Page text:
What do I do when my son or daughter appears to be hallucinating, paranoid or has stopped looking after themselves?
Written for family members and friends of those who suffer from schizophrenia and other psychoses, Back to Life, Back to Normality 2 describes the typical symptoms and problems of those suffering from psychotic disorders and discusses how a relative can best listen, interact and communicate their support. Research conducted by authors Douglas Turkington and Helen Spencer has shown that individuals without psychiatric training and qualifications can easily learn and safely use some basic cognitive behavioural therapy (CBT) techniques to help communicate effectively and provide support to their loved one suffering from psychosis. These techniques are described and illustrated with examples throughout this book, to allow carers to learn how to provide the best possible support and help facilitate a recovery for those suffering.
Table of Contents:
1. What is Psychosis? What is schizophrenia? David Kingdon
2. Psychosis usually has a natural tendency towards recovery Tom Christodoulides
3. Positive aspects of psychosis: enhanced spirituality and creativity Maggie Douglas-Bailey
4. When can psychosis escalate and will medicines help? Douglas Turkington
5. Making sense of psychosis Helen M. Spencer
6. What if the psychosis was linked to trauma? Lucy H. Stevens
7. The 5 pillars of caring for psychosis Latoyah Lebert
8. Effective coping: carer and service user self-care Latoyah Lebert
9. Caring about delusions and other new beliefs Douglas Turkington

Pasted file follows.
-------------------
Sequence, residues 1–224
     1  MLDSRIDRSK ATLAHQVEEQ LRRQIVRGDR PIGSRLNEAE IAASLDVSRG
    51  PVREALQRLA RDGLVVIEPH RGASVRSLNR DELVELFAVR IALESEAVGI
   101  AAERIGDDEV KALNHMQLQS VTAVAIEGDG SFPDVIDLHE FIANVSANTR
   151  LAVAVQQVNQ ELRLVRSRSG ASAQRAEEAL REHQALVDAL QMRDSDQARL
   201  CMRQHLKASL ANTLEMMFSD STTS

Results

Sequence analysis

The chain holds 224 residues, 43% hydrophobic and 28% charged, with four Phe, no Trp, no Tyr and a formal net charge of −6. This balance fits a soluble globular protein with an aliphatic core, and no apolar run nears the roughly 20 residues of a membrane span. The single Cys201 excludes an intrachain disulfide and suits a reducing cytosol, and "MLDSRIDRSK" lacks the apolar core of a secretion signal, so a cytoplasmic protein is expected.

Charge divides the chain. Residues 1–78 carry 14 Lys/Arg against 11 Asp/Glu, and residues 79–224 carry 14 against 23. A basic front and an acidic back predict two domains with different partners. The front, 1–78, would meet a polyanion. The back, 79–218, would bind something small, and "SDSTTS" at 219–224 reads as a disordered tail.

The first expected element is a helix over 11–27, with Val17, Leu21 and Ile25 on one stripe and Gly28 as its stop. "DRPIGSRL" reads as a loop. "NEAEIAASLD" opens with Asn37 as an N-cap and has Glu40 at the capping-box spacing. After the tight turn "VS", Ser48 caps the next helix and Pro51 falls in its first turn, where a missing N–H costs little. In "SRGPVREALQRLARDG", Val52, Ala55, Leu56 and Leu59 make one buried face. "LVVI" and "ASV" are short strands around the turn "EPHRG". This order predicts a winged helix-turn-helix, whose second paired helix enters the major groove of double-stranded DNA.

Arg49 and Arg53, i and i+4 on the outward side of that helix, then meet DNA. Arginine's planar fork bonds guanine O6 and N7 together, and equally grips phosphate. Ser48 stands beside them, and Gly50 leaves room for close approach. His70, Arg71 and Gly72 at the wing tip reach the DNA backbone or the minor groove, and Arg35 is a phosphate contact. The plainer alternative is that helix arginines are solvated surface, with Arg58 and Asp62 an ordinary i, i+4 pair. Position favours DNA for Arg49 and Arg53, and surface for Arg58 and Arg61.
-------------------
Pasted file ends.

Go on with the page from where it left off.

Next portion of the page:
10. Hearing voices, being paranoid and depressed: my recovery with CBT David Couper and Latoyah Lebert
11. Dealing with visions Rob Dudley and Rea Wilson
12. Compassion focused approaches for clients, family and health care providers C. Heriot-Maitland, E. Longden, K. Elliott, S. Bell, P. Gilbert and N. P. Wright
13. Improving self-care, attention, motivation and social functioning Dawn Velligan and Matt Brown
14. Where can we learn more? Robert Reiser, Nazneen Rustom and Jeremy Pelton.
About the Editors:
Douglas Turkington, M.D. is Professor of Psychosocial Psychiatry at Newcastle University and Consultant Psychiatrist with Northumberland Tyne and Wear NHS Foundation Trust. He has been researching the subject of CBT for schizophrenia and other psychoses for over thirty years. His interactive workshops and demonstration videos have been influential in training mental health professionals and family members internationally.
Helen Mary Spencer, B.A. currently works as a Clinical Studies Officer for the Clinical Research Network (CRN), NIHR Portfolio Research Delivery Team (Mental Health) at Northumberland Tyne and Wear NHS Foundation Trust. She is an Associate Clinical Researcher at Newcastle University and also a Doctoral Researcher studying part-time for her Ph.D. in Psychology at Newcastle University. Helen has worked on numerous randomised controlled trials of CBT for schizophrenia and other psychoses and delivers annual workshops on the subject of Cognitive Behavioural Therapy for psychosis (CBTp) in both the UK and Norway.
David Kingdon, Tom Christodoulides, Maggie Douglas-Bailey, Douglas Turkington, Helen M. Spencer, Lucy H. Stevens, Latoyah Lebert, David Couper, Rob Dudley, Rea Wilson, C. Heriot-Maitland, E. Longden, K. Elliott, S. Bell, P. Gilbert, N. P. Wright, Dawn Velligan, Matt Brown, Robert Reiser, Nazneen Rustom, Jeremy Pelton